There’s a lot of talk about the “green jobs” that will emerge through investment in cleaner technologies, but some of the greenest technology already exists. In fact, it predates the automobile: mass transit. Trains, trolleys and buses are a far more energy efficient way of moving people than cars. The greenest jobs of all may be laying track for suburban commuter rail or driving trains along those tracks.
Investing in mass transit would benefit not just the environment but also poor people, many of whom can’t afford cars, don’t drive and so have been shut out of the new economy, with its service sector employment increasingly available only in suburban office parks. A study by the University of Wisconsin found that 74 percent of African-Americans and 66 percent of Hispanics ages 18 to 24 in Milwaukee County did not have a valid driver’s license. As urban theorists like Joel Rogers have noted in their “Emerald Cities” proposal, building mass transit could also strengthen labor, providing a larger base of unionized construction and maintenance jobs.
The greenest way to lift the country out of a deepening recession would be to put people to work building mass-transit infrastructure, which could, in turn, ease the flow of goods and services, help generate economic growth and open economic opportunities to the disadvantaged. With a new president from Chicago and a House Speaker from San Francisco, the time seems ripe for Democrats to take advantage of the dual opportunities this year presents to alter America’s transportation infrastructure radically: the upcoming stimulus spending bill and the Surface Transportation Reauthorization, due for renewal by September.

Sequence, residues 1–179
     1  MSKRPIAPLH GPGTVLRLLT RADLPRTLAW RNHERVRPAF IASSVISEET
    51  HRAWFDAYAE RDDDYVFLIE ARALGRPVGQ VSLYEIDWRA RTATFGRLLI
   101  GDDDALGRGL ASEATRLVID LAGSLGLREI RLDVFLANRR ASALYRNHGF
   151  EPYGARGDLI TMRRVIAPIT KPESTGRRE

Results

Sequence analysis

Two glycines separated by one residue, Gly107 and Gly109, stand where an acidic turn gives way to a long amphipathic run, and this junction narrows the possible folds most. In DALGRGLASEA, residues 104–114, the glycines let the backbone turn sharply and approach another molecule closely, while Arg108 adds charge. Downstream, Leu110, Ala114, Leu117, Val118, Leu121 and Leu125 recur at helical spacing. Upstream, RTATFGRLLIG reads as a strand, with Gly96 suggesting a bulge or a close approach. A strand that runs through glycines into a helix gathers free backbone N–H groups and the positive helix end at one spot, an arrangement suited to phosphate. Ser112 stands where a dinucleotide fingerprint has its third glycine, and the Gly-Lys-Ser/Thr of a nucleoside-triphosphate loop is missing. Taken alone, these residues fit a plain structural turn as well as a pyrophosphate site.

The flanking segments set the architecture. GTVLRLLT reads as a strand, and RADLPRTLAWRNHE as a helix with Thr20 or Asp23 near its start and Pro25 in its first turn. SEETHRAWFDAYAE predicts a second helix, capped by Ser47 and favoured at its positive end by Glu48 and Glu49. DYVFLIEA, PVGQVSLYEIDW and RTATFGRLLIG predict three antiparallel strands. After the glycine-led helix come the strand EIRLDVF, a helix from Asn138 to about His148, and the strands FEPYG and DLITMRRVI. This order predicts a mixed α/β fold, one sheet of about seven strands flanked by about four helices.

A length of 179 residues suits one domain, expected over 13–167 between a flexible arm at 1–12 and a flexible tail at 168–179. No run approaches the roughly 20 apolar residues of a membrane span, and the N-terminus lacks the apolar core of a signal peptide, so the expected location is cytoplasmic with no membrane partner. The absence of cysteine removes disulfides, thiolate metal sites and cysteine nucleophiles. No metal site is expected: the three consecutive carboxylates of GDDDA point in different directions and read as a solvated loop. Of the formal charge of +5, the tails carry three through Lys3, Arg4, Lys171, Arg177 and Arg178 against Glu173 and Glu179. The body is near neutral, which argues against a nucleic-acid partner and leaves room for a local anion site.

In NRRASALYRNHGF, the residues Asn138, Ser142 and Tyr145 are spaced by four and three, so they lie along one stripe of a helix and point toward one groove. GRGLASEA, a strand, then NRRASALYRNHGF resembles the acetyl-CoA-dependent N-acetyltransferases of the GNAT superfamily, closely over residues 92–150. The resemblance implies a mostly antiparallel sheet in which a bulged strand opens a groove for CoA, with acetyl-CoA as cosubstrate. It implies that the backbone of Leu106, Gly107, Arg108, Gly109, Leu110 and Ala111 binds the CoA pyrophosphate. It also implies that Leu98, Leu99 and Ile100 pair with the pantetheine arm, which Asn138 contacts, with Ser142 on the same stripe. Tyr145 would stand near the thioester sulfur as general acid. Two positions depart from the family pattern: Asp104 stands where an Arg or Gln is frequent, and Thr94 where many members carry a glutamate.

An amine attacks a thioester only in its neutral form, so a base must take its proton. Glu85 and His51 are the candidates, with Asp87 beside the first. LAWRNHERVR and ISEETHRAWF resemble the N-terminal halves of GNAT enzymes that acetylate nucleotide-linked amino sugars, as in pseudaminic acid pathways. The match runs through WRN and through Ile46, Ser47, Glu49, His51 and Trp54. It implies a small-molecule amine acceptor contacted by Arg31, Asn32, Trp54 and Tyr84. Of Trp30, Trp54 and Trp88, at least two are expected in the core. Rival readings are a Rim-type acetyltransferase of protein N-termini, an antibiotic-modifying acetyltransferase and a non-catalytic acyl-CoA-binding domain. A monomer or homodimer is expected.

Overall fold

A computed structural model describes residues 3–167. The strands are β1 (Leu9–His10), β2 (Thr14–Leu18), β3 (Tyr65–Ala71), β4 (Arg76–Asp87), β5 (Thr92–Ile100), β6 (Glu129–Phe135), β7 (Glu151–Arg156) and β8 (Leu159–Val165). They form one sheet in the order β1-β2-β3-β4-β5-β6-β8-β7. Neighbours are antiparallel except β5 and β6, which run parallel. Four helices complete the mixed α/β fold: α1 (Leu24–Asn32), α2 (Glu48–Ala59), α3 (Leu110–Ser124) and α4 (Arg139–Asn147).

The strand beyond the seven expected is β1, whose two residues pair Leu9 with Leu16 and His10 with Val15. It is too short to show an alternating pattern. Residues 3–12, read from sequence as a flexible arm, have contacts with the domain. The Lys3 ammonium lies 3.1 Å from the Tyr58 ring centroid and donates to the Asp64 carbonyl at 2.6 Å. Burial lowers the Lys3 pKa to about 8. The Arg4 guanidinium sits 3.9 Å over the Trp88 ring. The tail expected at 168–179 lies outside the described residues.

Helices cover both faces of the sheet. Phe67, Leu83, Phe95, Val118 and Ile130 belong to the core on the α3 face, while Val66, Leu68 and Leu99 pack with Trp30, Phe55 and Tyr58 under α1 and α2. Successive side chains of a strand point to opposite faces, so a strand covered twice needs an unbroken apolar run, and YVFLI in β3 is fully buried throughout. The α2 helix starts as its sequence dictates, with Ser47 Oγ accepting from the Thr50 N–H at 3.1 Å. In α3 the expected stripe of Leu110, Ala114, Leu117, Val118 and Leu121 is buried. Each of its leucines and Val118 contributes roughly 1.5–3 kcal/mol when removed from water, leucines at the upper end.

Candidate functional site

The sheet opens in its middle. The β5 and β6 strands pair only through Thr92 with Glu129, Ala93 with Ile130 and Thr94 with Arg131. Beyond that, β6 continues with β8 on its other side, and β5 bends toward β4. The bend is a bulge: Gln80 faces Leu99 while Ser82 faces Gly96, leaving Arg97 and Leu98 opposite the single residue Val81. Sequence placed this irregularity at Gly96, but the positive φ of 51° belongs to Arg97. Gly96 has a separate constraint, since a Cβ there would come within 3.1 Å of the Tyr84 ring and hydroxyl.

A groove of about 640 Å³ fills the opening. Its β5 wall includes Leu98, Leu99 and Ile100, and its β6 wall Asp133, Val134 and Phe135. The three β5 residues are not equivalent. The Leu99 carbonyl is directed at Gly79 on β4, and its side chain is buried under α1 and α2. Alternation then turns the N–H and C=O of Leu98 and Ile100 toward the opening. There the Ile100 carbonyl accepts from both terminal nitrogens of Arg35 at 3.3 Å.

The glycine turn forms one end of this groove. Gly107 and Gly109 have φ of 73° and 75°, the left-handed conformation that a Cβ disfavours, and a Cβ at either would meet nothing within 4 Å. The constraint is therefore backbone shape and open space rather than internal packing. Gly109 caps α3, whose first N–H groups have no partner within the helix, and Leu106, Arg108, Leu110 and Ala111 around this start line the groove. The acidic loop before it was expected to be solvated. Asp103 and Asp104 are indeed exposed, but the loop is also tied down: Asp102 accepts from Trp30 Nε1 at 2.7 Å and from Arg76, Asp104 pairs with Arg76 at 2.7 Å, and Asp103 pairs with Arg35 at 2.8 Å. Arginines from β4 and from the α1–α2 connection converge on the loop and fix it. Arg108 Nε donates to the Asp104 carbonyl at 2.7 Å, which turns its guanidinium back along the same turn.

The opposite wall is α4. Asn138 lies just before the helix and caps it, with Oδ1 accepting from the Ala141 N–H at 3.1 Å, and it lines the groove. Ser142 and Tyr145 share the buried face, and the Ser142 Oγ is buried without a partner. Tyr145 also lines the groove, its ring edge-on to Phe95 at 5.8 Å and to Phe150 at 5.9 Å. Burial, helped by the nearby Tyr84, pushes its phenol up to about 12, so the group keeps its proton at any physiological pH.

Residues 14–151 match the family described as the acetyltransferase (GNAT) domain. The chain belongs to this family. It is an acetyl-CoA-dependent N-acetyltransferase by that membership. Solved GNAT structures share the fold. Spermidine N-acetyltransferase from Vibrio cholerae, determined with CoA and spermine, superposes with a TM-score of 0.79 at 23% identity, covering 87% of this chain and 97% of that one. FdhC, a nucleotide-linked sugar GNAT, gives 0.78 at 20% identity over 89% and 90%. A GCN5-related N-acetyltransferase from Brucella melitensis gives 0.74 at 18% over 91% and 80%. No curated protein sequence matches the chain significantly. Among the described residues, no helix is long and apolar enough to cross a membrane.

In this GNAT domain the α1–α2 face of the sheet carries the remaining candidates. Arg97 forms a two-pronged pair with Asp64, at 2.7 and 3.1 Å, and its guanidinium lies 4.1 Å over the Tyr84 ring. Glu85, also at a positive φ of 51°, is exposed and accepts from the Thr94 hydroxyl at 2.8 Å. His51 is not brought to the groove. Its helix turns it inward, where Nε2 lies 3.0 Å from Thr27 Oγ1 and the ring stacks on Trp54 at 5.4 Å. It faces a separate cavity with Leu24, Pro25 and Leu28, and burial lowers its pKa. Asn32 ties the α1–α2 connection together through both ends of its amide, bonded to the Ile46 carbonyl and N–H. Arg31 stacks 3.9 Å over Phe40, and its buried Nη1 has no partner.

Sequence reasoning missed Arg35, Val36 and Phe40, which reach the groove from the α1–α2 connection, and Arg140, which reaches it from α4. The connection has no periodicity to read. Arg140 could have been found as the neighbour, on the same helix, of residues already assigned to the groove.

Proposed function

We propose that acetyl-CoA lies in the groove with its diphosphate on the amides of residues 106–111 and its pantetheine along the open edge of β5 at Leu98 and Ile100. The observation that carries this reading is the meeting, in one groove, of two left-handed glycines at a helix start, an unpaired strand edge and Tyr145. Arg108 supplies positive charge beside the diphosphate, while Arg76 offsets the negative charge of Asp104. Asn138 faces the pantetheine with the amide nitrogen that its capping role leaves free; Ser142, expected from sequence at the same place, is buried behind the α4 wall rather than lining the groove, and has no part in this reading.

Obama clearly appreciates the importance of combating climate change, and he has spoken of the need to reduce demand for fossil fuels. Unlike Hillary Clinton or John McCain, he refused to endorse the economically nonsensical gas tax holiday during the campaign. “Obama has certainly taken good positions in general,” says New York Representative Jerrold Nadler, perhaps the most vocal mass-transit fan in Congress. “He talked about energy, greening the country: all those things lead one to expect that he will be good on transportation.”
Obama sent more positive signs early in the transition process when he brought in a cadre of urban-policy veterans, from New York to Chicago to Washington. He also created the first-ever White House Office on Urban Policy. But Obama’s pick of Illinois Representative Ray LaHood as transportation secretary disappointed some transit advocates. The Obama transition team’s summary press release to reporters mentioned LaHood’s efforts to secure highway funds and expanded air service but made no mention of buses or trains. Anyone in Washington can tell you, off the record, that LaHood was simply the token Republican, chosen for his moderation, genial persona and relationship with Obama and Rahm Emanuel. While his voting record on transportation is good, for a Republican, he has never been outspoken or a leader on the issue.